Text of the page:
I have a shared care order for my son who is nearly the amazing age of 4. It took two rather long court applications and processes but I now have my son 3 days and 3 nights a week and half of all potential school holidays. How we got there is a long story with some sad, truly heart breaking and fearful times. However something I learnt in the journey was about how we see ourselves and how we think others will. And now that I understand the almost transactional court processes and paperwork processes, I have to say I trust in the system more than I thought I would be able to. That is of course because unless you have lived it you cannot really get it.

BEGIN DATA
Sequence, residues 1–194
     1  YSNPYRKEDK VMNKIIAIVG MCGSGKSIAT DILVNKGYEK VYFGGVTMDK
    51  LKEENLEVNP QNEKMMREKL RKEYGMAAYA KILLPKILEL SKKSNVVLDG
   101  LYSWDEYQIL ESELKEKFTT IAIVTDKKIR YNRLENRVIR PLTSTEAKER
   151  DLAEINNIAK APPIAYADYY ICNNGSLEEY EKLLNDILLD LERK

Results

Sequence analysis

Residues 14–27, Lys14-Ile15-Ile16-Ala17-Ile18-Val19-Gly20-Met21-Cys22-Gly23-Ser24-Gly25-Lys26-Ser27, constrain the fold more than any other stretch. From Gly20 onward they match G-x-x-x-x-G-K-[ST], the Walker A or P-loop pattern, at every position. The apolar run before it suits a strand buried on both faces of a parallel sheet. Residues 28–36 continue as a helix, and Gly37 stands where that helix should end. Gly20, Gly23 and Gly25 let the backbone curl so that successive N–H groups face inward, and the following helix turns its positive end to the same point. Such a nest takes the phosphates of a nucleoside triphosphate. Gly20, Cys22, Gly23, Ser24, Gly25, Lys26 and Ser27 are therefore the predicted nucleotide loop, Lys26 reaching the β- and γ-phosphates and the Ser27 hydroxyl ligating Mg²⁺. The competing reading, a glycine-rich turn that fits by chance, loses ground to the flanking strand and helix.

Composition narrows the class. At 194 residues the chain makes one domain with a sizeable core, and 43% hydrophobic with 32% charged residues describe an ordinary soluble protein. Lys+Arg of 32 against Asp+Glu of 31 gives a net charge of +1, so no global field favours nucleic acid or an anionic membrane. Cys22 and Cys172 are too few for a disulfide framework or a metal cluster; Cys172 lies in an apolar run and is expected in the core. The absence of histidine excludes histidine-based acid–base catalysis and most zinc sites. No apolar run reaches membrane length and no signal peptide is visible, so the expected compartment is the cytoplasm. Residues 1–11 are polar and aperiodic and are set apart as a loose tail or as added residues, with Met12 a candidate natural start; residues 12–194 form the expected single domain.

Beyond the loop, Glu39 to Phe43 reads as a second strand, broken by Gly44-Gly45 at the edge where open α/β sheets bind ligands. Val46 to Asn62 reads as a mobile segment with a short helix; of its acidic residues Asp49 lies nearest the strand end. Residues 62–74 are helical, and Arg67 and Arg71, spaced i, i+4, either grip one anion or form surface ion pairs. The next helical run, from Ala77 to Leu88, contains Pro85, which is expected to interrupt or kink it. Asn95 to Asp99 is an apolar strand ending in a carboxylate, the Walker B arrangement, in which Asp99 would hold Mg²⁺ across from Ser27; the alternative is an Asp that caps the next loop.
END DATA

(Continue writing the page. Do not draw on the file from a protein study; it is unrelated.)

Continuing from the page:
When I first spoke to a barrister for one off advice in 2018 through a friend of mine, the first question put to me was, “Do you know how the bar in your area is regards equality issues?”  I was a little perplexed and the barrister could tell.  She was attempting to word things very carefully but it was not landing with me what she meant. In the end she plainly said “We need to know if the bar in your area is homophobic.”  I asked why that mattered.  She said you need to know the landscape that you are dealing with and those attitudes can tend to vary area by area and that we needed to know how applications and challenges to care would be seen through the lenses of the court.